September 19, 1927: " Ray VanSchoaick, assistant to Mr. Eagles at Rujada Headquarters, with Leland Ewing who has been stationed at Johnson Meadows, are laying out a new trail up Layng Creek, taking as direct a course as possible to Holland Meadows, while another trail will start at Holland Meadows, pointing down to the head of Brice Creek." (The Sentinel)
August 24, 1932: "New lookout houses will be built at He-He mountain, Sardine butte, Holland Meadows, Eagle's Rest, Pack Saddle mountain and Hemlock mountain." (The Eugene Guard)
August 11, 1933: "Material for the lookout has arrived and work will start immediately. Timber has been felled to facilitate visibility." (The Sentinel)
September 14, 1933: " A 14x14 lookout is to be built by the CCC before the snow flies. The 14x14 is the standard size for a primary lookout." (Roseburg Chieftain)
1933: The new tower was a 43-foot round fir pole tower with a L-4 model 1931 cab. Required 125 man days to construct. A 12 mile pack haul was required to get the materials to the site at a total cost of $200. Water was available at a spring Approximately 800 feet to the N.E.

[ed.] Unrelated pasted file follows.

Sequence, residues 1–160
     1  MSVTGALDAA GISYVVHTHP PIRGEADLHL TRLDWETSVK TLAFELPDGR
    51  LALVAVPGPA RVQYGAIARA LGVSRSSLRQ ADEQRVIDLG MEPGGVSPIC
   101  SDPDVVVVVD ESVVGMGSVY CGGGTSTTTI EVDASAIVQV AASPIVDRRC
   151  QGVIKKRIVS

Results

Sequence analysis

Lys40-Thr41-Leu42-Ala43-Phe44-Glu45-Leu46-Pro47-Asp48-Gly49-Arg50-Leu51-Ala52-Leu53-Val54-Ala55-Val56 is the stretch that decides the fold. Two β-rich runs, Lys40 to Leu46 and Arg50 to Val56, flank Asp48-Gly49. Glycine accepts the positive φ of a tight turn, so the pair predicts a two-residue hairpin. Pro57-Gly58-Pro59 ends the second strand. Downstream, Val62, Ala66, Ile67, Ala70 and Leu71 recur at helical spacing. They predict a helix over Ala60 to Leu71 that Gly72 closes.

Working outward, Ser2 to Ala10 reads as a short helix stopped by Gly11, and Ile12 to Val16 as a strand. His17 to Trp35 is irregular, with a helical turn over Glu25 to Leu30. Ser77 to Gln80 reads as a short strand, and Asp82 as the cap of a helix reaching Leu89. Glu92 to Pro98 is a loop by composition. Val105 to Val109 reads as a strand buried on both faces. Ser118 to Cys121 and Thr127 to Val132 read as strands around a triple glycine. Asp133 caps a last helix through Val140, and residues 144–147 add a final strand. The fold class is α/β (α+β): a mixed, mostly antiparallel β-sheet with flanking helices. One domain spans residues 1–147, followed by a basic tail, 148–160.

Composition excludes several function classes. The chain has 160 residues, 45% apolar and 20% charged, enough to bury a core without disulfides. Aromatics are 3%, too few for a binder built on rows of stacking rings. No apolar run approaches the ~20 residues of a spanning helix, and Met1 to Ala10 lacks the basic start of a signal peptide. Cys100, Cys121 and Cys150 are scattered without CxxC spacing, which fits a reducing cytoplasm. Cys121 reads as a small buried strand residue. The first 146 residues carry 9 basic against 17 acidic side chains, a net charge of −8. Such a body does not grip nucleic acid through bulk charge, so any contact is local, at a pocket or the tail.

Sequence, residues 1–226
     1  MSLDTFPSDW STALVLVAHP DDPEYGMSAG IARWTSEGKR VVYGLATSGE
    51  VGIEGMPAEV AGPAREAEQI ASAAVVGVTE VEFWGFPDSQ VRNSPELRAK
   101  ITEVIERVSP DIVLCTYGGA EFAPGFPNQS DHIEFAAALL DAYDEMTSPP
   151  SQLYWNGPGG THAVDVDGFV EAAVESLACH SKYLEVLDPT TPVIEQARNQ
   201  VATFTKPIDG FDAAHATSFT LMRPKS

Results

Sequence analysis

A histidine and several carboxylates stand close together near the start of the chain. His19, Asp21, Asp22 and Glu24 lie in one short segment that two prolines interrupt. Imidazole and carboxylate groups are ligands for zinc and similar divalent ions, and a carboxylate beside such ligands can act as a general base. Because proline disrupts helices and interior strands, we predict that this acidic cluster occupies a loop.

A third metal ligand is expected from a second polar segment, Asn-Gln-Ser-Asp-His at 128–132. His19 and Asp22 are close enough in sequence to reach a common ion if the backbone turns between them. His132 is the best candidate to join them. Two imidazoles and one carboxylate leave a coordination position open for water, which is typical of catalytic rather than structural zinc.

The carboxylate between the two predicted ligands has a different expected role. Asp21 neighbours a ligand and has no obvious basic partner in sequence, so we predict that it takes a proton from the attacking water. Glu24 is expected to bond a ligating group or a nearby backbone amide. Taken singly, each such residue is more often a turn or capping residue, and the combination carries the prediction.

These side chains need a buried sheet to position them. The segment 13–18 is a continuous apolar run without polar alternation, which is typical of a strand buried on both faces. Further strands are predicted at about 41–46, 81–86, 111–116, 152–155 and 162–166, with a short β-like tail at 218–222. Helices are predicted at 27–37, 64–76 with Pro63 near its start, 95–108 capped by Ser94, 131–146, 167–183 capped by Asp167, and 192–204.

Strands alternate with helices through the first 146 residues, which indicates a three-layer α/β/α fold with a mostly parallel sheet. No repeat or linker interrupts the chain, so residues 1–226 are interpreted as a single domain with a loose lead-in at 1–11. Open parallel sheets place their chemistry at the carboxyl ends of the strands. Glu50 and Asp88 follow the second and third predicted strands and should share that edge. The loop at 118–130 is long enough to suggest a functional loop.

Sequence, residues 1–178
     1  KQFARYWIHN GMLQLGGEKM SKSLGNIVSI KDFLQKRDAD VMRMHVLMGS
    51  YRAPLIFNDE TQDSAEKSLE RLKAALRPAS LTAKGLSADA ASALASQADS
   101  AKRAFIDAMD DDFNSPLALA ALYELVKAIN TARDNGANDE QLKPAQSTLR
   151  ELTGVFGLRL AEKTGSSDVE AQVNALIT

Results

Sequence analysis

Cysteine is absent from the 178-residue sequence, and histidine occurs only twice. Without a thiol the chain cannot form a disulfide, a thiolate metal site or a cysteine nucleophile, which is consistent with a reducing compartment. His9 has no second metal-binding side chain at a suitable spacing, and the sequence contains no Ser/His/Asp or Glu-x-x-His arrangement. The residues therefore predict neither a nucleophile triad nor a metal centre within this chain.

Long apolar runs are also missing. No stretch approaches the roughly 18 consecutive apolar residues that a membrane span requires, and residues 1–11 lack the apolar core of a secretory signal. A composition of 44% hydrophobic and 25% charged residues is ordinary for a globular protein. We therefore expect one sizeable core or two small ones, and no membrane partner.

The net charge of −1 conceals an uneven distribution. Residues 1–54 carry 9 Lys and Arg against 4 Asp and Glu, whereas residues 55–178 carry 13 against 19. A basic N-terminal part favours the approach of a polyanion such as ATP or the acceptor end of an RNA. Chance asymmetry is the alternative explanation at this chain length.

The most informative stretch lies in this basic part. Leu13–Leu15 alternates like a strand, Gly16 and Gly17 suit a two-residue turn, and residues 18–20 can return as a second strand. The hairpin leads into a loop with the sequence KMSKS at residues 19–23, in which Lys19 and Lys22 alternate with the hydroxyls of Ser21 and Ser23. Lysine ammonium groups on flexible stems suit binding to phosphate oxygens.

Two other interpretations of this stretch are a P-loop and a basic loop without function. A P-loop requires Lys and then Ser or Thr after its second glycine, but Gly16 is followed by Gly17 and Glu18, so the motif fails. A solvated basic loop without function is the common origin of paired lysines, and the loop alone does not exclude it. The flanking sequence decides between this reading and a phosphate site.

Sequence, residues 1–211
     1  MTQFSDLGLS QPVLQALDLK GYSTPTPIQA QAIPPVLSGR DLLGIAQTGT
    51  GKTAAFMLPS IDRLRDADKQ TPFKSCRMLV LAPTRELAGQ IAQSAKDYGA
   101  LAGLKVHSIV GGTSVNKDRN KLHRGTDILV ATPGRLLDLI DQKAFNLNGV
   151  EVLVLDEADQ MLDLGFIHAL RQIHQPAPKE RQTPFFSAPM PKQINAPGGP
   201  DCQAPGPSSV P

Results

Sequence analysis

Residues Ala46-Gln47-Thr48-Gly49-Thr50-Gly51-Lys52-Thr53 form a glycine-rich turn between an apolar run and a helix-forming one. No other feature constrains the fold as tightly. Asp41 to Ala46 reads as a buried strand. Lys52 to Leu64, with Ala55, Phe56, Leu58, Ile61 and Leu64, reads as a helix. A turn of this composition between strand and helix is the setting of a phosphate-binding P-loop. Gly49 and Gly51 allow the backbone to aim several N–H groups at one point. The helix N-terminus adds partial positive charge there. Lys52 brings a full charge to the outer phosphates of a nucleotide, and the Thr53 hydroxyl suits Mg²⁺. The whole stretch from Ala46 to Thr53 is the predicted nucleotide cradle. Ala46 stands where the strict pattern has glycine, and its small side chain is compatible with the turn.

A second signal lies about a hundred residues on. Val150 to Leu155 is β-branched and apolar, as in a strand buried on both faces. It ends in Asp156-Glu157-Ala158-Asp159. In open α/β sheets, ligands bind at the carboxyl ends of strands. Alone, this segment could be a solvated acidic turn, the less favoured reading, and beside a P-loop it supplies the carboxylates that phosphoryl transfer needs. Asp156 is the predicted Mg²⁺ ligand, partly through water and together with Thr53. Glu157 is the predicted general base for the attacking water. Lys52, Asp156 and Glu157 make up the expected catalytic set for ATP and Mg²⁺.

March 12, 1934: Panorama photos taken by James Rittenhouse.
July 23, 1938: " I visited Holland Point lookout on July 20, 1938 and while there made a rather thorough inspection of the tower and house. This tower is 40 feet high and is constructed of round timber with cable braces between the tower legs and four cable guys at the corners. These cable braces and guys do not hold the tower steady, and a person walking about the house will sway the tower several inches. A strong wind will sway it nearly a foot. Tightening the cables does not help much. This swaying effects the fire finder so that it is impossible to keep it level or in exact orientation. You can adjust the fire finder and walk around the tower and it will be off several minutes. The fire finder base is solid to the floor. Additional guys on each corner might hold the tower a little steadier but I doubt if it would be satisfactory. The best method would be to replace the cable braces with round pole braces, ring connected, and heavier guy wires on the corners. This would cost about $250.00. The lightning protection is not quite up to standard and 130 feet of no. 2 copper wire with 18 “U” clamps will be needed. The visibility can be considerably improved if some additional clearing is made. I estimate that about $150.00 would take care of the necessary clearing. The lookout can do very little of this work alone and it will be necessary to hire other men. I would like to start this work as soon as funds are available." (A letter from District Ranger Brown to the Forest Supervisor)